In 1826, the prince of Puckler-Muskau embarked on a tour of England, Wales, and Ireland. Although captivated by all things British, his initial objective was to find a wealthy bride. He and his wife Lucie, having expended every resource on a plan to transform their estate into a vast landscape park, agreed to an amicable divorce, freeing him to forge an advantageous alliance that could rescue their project. For over two years, Puckler s letters home conveyed a vivid, often quirky, and highly entertaining account of his travels. From the metropolis of London, he toured the mines and factories of the Industrial Revolution and visited the grand estates and spectacular art collections maintained by its beneficiaries. He encountered the scourge of rural and urban poverty and found common cause with the oppressed Irish. With his gift for description, Puckler evokes the spectacular landscapes of Wales, the perils of transportation, and the gentle respite of manor houses and country inns. Part memoir, part travelogue and political commentary, part epistolary novel, Puckler s rhetorical flare and acute observations" "provoked the German poet Heinrich Heine to characterize him as the most fashionable of eccentric men Diogenes on horseback. "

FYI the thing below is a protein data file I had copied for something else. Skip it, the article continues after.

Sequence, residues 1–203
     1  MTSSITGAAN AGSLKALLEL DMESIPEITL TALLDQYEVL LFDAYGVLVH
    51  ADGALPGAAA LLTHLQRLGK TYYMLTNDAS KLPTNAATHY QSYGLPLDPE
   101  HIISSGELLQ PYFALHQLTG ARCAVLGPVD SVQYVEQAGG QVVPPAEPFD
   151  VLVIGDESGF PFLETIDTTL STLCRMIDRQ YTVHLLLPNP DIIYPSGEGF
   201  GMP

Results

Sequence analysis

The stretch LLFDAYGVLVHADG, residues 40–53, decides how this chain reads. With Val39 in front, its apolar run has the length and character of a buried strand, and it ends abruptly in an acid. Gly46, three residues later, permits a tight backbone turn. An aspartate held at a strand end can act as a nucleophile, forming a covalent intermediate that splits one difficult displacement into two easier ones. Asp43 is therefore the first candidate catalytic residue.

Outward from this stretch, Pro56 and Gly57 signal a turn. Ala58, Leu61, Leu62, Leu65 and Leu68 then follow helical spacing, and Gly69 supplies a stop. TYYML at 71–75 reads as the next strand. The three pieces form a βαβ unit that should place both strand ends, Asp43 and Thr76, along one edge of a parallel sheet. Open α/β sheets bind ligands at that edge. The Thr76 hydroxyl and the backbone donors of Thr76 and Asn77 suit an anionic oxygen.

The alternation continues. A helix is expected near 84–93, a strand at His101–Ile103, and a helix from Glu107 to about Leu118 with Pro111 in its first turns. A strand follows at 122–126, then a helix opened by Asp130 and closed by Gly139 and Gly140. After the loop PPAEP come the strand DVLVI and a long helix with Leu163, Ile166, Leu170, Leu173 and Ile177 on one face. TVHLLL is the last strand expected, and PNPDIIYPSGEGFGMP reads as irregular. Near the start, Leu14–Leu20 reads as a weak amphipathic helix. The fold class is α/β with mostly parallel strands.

Letters of a Dead Man
Ex Horto: Dumbarton Oaks Texts in Garden and Landscape Studies